Monroe College, in New York City's Bronx borough, needed to install an HVAC system in King Hall, a turn-of-the century brick building, while maintaining the building's aesthetic beauty. A high-velocity, miniduct HVAC system specifically designed for applications with strict space constraints provided the perfect solution.
Like many established colleges and universities, Monroe College in New York City's Bronx borough has an ongoing need to renovate and upgrade older and architecturally unique buildings. In the summer of 1996, college administrators were faced with a problem; they desperately needed air conditioning added to their administrative offices, but did not wish to ruin the aesthetics of the structure by dropping ceilings to install conventional A/C units and ducts.

A virtual oven

King Hall, a turn-of-the century brick building consisting of 15,000 sq ft spread over three floors, serves as the administrative and managerial nerve center of Monroe College. This grand edifice has at various times been used to house a rollerskating rink and the college's multipurpose building. King Hall is indeed beautiful, but the high temperatures of New York's often brutal summers rendered it a virtual oven during warmer months. Obviously, it was time to air condition King Hall, but how to do so without radically changing its inherent beauty?

John Hochreiner of Tesco Distributors, an HVAC wholesaler, knew he had a product that could solve the problem. He proposed installing the Unico System, manufactured by Unico, Inc. The system is a high-velocity, miniduct HVAC system specifically designed for applications with strict space constraints. It uses compact, modular air handlers, a 7-in. main trunk line, and 3-1/2-in. outer diameter flexible supply tubing, eliminating the need for traditional, "boxy" metal ducts. Unico System outlets consist of 5-in. outer dia and 2-in. inner dia circular plates that are available in paintable plastic or stainable wood so that they can be matched to blend in with any d?r.

Quiet a concern

Monroe College facility officials were intrigued by the system's space conservation, but were worried about the noise they felt would be inherent in a high-velocity system. Hochreiner pointed out that the Unico System's supply tubing includes sound absorbing materials in its insulation, making the system virtually silent.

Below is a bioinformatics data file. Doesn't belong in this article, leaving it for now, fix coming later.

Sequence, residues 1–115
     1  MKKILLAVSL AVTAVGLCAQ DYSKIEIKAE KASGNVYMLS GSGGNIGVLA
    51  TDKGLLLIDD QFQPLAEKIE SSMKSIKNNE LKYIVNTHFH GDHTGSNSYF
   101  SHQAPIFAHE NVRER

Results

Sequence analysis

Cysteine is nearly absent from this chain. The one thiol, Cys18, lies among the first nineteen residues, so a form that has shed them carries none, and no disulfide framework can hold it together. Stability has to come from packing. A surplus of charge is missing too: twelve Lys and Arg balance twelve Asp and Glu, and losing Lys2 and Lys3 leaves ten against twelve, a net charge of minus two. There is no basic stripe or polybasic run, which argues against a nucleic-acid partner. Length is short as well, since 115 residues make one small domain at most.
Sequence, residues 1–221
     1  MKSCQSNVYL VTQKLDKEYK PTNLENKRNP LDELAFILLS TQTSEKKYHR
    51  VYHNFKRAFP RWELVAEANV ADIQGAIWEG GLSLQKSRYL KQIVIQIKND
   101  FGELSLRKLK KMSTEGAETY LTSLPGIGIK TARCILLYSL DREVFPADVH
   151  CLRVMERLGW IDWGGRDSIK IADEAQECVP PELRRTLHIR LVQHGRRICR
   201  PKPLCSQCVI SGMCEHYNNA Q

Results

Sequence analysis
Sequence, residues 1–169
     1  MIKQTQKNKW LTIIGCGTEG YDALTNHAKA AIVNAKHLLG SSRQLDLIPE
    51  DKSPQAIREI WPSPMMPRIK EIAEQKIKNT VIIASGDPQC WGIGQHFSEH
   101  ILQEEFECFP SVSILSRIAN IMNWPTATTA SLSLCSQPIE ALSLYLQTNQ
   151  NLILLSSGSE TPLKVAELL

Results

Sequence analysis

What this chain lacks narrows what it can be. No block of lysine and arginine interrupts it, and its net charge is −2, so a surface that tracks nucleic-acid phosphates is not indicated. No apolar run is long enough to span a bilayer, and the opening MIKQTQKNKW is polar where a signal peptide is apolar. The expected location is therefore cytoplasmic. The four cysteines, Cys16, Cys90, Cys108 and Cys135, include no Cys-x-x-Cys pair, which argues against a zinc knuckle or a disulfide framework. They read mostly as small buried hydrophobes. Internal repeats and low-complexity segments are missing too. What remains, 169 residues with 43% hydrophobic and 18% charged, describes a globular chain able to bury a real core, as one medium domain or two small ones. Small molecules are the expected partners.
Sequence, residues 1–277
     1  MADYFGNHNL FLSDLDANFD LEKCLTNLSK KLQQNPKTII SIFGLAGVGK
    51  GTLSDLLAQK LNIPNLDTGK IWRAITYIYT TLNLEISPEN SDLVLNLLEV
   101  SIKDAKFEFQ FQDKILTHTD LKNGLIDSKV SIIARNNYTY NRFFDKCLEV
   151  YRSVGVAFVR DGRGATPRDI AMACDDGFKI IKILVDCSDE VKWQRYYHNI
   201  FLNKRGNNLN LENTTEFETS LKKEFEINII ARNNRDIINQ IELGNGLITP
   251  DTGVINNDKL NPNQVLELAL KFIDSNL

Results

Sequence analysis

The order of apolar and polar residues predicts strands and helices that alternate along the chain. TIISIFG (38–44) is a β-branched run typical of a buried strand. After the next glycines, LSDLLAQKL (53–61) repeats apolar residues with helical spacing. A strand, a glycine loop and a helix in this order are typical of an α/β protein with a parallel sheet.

Assured about the system's super-quiet air delivery, the college administrators hired Airdyne, Inc., a Bronx-based contractor, to install 11 Unico System five-ton air handlers in conjunction with York condensing units. The systems were also "sistered" to King Hall's existing basement boiler to provide additional heat. Because of its flexibility, the system was easily adapted to the boiler (which is the size of a small garage), thereby avoiding costly removal and remedial charges.

Said Hochreiner, "A lot of times, contractors look at these old buildings and throw up their hands. They give up and say that they can't do it. Not with the Unico System. Its ease of operation and miniducts make it perfect for these types of installations, particularly since we didn't want to compromise the building's architectural integrity."

"Unico System made sense for a number of reasons," he continued, "first, we were able to use the building's existing boiler in conjunction with the system to provide better heating during the colder seasons. Second, we were able to air condition the building without having to drop all of the ceilings to accommodate conventional duct systems. Finally, because this is an office environment, the quiet operation of the system made it a must." ES